FIG. 19.3 Method of measuring the cohesive properties of water using a centrifuged Z-tube. Small arrows indicate direction of centrifugal force and principle of balancing due to the Z-tube. These tubes are centrifuged causing tension on the water at the center of the tube. The tension present when the water column breaks can be calculated. (From Salisbury, F.B., and Ross, C.W., Plant Physiology, 2nd ed., p. 59, ©1978. Wadsworth Publishing Company, Inc: Belmont, California. Reprinted with permission of Brooks/Cole, a division of Thomson Learning: www.thomsonrights.com. Fax 800 730-2215.)

FIG. 19.3 Method of measuring the cohesive properties of water using a centrifuged Z-tube. Small arrows indicate direction of centrifugal force and principle of balancing due to the Z-tube. These tubes are centrifuged causing tension on the water at the center of the tube. The tension present when the water column breaks can be calculated. (From Salisbury, F.B., and Ross, C.W., Plant Physiology, 2nd ed., p. 59, ©1978. Wadsworth Publishing Company, Inc: Belmont, California. Reprinted with permission of Brooks/Cole, a division of Thomson Learning: www.thomsonrights.com. Fax 800 730-2215.)

the tensile strength of water were open to question because of a confusion of adsorption forces with cohesion. Scholander et al. (1955), through centrifugation in glass tubes, observed tensive values from 10 to 20 atm without producing cavitation of water. When the experiments were repeated using plant material, they observed much lower values (1-3 atm). Also, they were unable to fit hydrostatic pressures in transpiring grape vines into a pattern that followed the cohesion theory. Measured pressure did not indicate cohesion tension at any time, and hydrostatic pressures in transpiring tall vines were higher at the top rather than lower, as they should have been if the transpiring stream were under tension. Measurements taken on Douglas fir trees, however, did follow the pattern that one would expect if water were rising in the plants according to the cohesion theory (Scholander et al., 1965) (Fig. 19.4). That is, the hydrostatic pressure at the top of the trees was more negative than at the bottom of the trees. Greenidge (1957) discusses different techniques used to measure the tensile strength of water that yield values ranging from 0.05 to 10 atm.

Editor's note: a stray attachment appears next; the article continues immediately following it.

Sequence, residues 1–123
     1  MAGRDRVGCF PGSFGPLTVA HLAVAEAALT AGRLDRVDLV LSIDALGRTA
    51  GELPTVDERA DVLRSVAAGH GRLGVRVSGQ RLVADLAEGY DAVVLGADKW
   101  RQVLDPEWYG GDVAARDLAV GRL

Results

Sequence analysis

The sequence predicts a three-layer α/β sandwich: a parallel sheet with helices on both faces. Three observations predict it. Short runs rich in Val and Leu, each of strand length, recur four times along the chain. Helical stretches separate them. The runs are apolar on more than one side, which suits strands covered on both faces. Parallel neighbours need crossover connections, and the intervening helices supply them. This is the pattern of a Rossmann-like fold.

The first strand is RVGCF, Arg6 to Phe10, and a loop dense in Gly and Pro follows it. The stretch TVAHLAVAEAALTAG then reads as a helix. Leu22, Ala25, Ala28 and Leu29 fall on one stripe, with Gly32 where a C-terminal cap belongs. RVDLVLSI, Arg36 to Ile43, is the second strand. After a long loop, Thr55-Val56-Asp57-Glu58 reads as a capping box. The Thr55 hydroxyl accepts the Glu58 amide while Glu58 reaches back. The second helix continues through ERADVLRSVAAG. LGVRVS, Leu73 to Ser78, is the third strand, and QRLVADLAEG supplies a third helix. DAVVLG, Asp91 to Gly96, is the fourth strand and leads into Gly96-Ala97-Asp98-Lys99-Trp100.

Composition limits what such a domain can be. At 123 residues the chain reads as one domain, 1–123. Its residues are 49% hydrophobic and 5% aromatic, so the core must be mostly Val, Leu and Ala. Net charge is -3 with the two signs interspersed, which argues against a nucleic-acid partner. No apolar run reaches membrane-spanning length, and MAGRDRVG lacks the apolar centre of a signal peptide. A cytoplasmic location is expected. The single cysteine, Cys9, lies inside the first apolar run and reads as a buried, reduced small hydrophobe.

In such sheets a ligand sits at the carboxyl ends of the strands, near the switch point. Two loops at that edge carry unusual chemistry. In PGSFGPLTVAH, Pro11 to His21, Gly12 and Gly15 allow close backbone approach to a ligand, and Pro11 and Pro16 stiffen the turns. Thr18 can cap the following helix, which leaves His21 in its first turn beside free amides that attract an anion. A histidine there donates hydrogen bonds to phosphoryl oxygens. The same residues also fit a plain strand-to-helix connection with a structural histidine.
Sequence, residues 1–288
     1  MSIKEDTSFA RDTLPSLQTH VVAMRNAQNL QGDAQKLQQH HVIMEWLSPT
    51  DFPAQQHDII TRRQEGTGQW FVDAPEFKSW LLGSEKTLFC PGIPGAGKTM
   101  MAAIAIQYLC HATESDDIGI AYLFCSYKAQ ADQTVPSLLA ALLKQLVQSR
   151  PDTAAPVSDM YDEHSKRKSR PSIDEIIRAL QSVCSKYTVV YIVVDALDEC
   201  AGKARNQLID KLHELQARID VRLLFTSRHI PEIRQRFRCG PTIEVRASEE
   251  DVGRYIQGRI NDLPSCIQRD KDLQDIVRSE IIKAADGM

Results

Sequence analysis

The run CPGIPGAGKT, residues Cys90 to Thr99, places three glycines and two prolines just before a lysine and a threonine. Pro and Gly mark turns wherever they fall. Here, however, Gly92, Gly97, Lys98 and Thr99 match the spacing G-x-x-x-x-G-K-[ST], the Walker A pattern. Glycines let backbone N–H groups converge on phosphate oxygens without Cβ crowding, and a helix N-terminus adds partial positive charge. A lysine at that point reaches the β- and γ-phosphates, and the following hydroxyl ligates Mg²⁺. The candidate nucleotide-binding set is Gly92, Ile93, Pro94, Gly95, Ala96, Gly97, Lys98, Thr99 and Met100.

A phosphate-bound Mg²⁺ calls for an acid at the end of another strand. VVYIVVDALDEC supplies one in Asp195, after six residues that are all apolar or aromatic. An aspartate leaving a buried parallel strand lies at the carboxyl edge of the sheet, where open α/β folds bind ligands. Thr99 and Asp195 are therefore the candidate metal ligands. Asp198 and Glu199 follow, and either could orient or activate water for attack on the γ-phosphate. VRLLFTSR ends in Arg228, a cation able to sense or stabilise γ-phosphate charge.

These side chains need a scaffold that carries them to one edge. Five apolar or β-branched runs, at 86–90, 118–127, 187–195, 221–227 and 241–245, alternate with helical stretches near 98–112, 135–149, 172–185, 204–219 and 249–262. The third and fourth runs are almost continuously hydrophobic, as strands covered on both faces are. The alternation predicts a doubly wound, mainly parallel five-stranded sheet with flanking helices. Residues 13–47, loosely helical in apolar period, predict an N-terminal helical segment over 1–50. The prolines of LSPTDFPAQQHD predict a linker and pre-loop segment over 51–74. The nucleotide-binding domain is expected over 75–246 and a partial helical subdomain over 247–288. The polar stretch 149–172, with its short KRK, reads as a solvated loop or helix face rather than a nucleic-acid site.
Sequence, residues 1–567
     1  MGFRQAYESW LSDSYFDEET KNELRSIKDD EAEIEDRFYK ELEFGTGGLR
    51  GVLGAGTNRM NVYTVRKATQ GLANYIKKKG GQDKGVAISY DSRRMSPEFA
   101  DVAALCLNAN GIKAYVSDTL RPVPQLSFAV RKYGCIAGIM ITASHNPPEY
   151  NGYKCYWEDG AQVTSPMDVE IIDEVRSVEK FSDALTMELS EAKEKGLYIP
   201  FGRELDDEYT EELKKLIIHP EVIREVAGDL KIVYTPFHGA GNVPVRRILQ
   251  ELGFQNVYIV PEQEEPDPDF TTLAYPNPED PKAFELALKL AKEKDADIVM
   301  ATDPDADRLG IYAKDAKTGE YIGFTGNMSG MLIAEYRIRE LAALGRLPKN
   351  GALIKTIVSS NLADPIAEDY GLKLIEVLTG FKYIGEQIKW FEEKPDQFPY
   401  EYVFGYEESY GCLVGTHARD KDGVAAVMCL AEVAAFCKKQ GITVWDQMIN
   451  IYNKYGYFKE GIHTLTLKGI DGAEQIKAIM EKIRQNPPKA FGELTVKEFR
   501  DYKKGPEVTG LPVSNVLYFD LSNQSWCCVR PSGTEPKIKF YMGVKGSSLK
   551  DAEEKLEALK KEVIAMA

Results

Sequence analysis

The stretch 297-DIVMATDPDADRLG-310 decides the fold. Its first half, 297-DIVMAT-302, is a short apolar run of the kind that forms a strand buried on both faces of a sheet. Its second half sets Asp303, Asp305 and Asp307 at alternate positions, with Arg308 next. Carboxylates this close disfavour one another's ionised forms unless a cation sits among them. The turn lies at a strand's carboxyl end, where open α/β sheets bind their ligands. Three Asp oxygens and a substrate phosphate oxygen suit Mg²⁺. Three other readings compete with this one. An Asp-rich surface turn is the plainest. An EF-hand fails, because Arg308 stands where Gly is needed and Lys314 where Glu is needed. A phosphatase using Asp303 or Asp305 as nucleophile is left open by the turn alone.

It appears that, experimentally, water can withstand negative pressures (tensions) only up to about 300 bars without breaking (Nobel, 1974, p. 52). The observed tensile strength depends on the wall material, the diameter of the xylem vessel, and any solutes present in the water. Local

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Responses

  • james
    What are the weakness of tension theory?
    2 years ago
  • Nibs
    What are the limitations of cohension tension theory?
    3 days ago